The success stories of acapreneurialism have grown substantially:
- OncoRx Corp., the first company incubated at LIMR, licensed the Institute's IDO drug technology for cancer immunotherapy and was acquired by NewLink Genetics. In 2012, NewLink Genetics went public.
- In 2007, LIMR's Scott Dessain, MD, PhD, started Immunome Inc., to develop his powerful human antibody cloning technology. The company went public in 2020.
- CD Diagnostics Inc. was started by Lankenau orthopedic surgeon Carl Deirmengian, MD, to develop his point-of-care infection detection device used during joint replacement surgery. The company was acquired by Zimmer Bionet in 2016. The company's paradigm-shifting product, Synovasure®, received FDA approval in 2019.
The 4 pillars of acapreneurialism
To achieve its goals, LIMR has aligned its activities to a structure now demonstrated to be successful. It has four pillars: patent-based philosophy, hybrid management style, co-invention, and trading space and services for equity.
LIMR biomedical researchers must invent and then seek to patent and license their inventions to a company for development. To get there requires following what Dr. Prendergast calls the "three Ps of innovation"—preclinical proof of concept, patent application and peer-reviewed publication. In other words, LIMR has reoriented itself from the traditional approach focused on grant funding to pursue new biomedical knowledge to one that focuses on investments in new inventions and patent licenses.
Hybrid management style
LIMR navigates a path between two traditional approaches: the independence of the tenured academic investigator versus the top-down direction of the corporate researcher. LIMR regularly holds internal meetings to dynamically shift management based on the practical application of the research, building mutual trust among faculty and other program leaders in the institutional mission to invent and advance experimental products from new knowledge and discoveries.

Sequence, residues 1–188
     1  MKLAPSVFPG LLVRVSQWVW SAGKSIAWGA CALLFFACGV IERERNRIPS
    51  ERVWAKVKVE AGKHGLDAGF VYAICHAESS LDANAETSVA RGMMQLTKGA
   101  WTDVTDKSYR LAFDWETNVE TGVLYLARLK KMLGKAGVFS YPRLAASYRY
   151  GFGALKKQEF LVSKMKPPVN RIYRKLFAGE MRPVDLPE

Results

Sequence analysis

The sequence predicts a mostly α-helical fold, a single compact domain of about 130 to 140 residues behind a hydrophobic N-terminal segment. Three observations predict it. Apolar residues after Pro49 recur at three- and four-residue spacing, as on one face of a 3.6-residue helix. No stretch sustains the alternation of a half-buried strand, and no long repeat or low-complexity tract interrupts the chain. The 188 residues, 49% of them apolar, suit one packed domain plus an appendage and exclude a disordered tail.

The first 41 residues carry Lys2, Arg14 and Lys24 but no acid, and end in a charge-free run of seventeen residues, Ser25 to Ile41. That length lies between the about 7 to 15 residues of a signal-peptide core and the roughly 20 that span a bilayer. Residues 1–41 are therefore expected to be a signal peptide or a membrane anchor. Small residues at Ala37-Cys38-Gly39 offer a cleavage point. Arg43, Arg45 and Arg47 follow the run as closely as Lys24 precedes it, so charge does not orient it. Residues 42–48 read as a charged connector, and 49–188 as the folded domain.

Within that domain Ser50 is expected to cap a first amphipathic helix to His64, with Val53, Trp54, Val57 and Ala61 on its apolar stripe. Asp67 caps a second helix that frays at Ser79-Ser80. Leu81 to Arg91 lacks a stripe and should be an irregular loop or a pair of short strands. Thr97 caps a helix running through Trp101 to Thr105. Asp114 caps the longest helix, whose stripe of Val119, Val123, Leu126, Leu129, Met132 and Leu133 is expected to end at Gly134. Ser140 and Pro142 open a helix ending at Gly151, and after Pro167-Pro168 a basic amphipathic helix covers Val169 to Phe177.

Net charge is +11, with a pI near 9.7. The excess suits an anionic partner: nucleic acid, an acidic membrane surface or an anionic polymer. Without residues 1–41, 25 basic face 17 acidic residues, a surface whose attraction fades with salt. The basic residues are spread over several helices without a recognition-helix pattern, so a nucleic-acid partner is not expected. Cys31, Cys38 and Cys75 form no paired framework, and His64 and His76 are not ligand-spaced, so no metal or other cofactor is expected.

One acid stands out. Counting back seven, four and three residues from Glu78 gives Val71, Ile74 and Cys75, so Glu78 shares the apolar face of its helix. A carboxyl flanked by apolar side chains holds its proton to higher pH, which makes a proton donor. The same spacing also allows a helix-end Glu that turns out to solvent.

Faculty are encouraged to participate as advisers or science officers in start-up companies, within the guidelines of patent and start-up policies approved by the LIMR and Main Line Health Boards. New mechanisms of financial support are enabled by such relationships to help speed lab-based discoveries to clinical testing.
Trading space and services for equity
The incubation model includes the trading of institutional space and services for equity positions in companies ("spin-ins") that advance LIMR's mission. For the most attractive inventions made by Main Line Health physicians and LIMR scientists, the Institute has also made capital investments from its endowment holdings. This pillar seeks financial return on the success of the Institute's inventors to enable future financial sustainability for making new discoveries.
The next phase: clinical acapreneurialism
In 2019, Dr. Prendergast saw that medical devices and software represented an untapped pathway for invention—and that frontline healthcare workers were the natural source of ideas to directly benefit patients. LIMR retained L2C Partners of Wynnewood, Pennsylvania, to manage its burgeoning portfolio of intellectual property to support technology transfer and commercialization—the types of expertise needed to pursue the new direction.
Then, in 2021, Lankenau Ventures was created to accelerate the development and commercialization of clinical devices invented by Main Line Health nurses and other healthcare professionals for use in various hospital settings, such as patient and operating rooms. It is a joint venture of LIMR, L2C Partners, and Early Charm Ventures of Baltimore, which specializes in bringing such devices to market.